Macro versus Micro

One of the unsettled areas regarding microgrids is the role of the larger grid utilities, the legacy providers. It's generally assumed that microgrids will be deployed by non-utility developers, probably working for the real estate developer, building owners, or the neighborhood. These microgrid entrepreneurs and developers may offer improved power quality and reliability and tailor their services to specific customers.

Some utilities have opposed microgrids due tosafety concerns; others support microgrids as long as the larger utility owns, operates, and bills customers, an approach that doesn't necessarily resonant with microgrid providers and building owners. Some utilities, such as the Sacramento Municipal Utility District have embraced the concept; SMUD is deploying microgrid architecture in their own corporate headquarters.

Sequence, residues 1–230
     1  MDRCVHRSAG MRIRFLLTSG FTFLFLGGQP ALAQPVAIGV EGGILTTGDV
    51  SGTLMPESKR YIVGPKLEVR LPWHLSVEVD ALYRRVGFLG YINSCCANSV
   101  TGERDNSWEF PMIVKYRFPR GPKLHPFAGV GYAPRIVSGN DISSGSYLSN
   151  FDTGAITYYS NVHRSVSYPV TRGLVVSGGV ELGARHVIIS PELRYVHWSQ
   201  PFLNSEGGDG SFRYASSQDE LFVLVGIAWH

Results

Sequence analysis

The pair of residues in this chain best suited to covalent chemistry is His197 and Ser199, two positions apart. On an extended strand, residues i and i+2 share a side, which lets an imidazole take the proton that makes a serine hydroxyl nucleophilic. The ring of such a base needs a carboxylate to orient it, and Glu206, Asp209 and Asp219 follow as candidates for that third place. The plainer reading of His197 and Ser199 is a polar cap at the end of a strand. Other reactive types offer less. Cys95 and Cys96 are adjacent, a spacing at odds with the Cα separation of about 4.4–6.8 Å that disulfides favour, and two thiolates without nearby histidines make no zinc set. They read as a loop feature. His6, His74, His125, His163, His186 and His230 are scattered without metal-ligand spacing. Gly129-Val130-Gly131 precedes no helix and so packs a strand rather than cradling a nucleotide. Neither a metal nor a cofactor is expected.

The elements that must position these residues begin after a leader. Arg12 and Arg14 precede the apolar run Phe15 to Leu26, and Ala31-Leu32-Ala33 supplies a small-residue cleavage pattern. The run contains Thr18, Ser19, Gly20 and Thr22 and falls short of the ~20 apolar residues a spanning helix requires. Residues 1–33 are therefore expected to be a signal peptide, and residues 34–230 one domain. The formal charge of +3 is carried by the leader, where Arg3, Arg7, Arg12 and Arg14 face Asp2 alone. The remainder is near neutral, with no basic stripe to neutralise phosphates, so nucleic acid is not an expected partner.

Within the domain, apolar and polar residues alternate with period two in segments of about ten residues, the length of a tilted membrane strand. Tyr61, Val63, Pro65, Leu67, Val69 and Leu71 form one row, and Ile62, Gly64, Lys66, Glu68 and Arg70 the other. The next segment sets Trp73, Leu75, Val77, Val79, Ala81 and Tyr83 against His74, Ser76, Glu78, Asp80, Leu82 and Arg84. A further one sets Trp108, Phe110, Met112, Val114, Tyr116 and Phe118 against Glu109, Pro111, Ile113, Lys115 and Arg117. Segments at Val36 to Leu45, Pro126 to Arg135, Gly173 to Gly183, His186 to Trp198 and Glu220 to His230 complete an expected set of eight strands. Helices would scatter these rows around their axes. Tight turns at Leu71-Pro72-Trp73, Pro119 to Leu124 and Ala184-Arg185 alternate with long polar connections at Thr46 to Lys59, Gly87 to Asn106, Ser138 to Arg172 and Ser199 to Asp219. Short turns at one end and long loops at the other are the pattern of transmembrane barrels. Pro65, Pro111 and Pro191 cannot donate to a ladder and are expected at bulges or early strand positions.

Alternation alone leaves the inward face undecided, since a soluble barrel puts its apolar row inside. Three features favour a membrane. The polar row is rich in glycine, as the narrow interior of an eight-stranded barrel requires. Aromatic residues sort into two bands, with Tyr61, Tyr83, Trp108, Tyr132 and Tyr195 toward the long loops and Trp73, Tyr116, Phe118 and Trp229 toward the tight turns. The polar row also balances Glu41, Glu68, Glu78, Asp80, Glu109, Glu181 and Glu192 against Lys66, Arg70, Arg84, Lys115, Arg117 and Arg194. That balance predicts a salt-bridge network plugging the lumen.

The potential utility grid versus microgrid conflict could resemlbe changes in the telecommunications industry in the 1980's and 1990's. That is when the telecom utilities were reorganized and decentralized, followed by radically changes due to technological advancements. The result being that their primairy business and largest revenue producer—telephone landlines for residences—evaporated with the onset of cellular and smartphones.

There is a significant trend to decentralize some energy generation. You see it in individual building uses of renewables and massive efforts to move towards net zero buildings. The deployments of microgrids are additional evidence of that accelerating trend.

 
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